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Distributives in English: either/or, neither/nor, each, every

Each, every, either, neither indicate how something is distributed, divided or shared. They are used with singular nouns, before the noun. Each and every are adjectives corresponding to the Italian "ogni", "ciascuno"; for the pronoun we use: everyone / everybody (=ciascuno, tutti), everything (=ogni cosa, tutto), everywhere (ovunque). Either... or correspond to the Italian "o", that is normally used only before the second word. Neither... nor correspond to the Italian "né", which is also normally used only before the second term.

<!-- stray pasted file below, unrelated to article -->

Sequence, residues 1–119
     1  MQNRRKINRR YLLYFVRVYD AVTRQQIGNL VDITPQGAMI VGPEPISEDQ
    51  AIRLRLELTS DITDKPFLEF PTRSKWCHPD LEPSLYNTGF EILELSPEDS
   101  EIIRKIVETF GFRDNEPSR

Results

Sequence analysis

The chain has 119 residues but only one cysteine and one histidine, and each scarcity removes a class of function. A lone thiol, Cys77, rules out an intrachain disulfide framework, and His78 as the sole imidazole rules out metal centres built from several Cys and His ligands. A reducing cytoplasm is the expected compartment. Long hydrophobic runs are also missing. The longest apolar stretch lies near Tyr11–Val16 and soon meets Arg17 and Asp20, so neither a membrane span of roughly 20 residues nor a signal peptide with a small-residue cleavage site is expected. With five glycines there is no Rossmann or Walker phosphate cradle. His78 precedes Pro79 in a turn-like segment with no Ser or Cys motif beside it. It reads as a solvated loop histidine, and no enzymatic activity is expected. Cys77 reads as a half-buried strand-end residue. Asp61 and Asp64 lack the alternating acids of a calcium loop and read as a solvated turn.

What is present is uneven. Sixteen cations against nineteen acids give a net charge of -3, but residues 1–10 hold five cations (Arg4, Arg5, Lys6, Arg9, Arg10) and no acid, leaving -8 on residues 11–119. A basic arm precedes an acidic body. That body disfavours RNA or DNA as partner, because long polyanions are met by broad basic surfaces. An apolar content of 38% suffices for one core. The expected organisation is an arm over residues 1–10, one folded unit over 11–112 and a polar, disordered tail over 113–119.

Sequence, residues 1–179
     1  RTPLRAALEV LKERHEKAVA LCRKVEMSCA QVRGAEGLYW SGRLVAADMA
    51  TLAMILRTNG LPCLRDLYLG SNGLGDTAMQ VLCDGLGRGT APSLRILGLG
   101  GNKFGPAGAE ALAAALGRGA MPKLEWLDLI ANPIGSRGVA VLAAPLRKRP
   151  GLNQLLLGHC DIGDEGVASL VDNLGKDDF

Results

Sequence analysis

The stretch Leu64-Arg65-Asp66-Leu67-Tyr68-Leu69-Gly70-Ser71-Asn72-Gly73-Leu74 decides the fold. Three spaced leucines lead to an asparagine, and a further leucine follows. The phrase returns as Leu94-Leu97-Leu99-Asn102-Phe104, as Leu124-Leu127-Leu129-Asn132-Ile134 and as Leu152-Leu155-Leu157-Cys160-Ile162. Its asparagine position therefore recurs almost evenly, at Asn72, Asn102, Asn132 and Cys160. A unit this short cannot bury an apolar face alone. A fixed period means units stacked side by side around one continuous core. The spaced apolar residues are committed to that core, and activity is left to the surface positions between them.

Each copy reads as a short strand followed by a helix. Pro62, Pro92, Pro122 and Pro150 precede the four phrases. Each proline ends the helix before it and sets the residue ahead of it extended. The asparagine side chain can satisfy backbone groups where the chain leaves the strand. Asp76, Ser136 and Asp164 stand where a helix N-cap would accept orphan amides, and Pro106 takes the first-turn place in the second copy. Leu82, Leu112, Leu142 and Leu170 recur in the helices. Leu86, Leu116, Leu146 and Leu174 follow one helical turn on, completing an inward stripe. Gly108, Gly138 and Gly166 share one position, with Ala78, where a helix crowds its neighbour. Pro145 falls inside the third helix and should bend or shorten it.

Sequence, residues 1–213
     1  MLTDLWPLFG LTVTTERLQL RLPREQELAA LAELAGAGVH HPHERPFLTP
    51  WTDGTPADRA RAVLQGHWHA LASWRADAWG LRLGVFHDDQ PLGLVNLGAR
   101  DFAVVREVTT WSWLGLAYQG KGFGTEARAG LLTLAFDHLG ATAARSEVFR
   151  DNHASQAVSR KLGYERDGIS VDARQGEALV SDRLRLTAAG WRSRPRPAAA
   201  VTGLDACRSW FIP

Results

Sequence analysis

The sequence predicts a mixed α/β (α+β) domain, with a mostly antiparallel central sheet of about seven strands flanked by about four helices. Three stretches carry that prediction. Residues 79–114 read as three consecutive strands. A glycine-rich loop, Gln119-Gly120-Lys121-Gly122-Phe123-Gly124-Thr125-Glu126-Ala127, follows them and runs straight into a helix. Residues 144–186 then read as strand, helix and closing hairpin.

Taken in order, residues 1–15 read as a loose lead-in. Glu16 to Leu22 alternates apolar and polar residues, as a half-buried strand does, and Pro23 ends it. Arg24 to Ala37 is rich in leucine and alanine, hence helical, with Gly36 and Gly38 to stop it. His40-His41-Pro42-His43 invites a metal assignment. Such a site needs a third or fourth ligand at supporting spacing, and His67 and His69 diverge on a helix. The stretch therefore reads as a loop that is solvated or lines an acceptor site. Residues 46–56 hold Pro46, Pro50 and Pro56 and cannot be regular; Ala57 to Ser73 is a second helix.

Examples:
  • Each man will receive $100.
  • Every third morning John goes jogging.
  • He has lunch at midday each working day.
  • Neither of them was given the prize.
  • I can stay at either hotel, they are both good.
  • Which one would you like? Neither.
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